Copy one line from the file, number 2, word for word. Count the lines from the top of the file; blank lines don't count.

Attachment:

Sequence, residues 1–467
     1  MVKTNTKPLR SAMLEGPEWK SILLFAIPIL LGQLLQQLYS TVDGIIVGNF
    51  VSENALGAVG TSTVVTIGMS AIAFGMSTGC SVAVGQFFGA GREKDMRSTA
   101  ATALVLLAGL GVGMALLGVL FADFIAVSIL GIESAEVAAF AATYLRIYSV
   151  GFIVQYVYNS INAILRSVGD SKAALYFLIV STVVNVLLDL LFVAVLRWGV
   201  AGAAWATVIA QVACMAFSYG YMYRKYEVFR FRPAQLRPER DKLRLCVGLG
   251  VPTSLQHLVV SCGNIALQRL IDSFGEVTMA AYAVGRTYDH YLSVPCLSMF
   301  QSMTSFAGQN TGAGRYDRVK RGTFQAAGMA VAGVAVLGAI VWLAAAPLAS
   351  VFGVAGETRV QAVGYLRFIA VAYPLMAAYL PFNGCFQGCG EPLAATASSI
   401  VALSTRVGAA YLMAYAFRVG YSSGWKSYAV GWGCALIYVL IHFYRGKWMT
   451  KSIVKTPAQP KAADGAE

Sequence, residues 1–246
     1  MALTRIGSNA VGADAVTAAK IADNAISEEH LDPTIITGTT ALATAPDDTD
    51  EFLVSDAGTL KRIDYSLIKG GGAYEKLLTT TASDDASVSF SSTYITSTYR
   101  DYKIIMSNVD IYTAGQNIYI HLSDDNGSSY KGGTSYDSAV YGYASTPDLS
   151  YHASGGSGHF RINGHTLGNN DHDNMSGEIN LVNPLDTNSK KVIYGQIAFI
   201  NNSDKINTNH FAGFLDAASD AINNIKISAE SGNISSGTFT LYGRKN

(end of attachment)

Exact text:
     1  MVKTNTKPLR SAMLEGPEWK SILLFAIPIL LGQLLQQLYS TVDGIIVGNF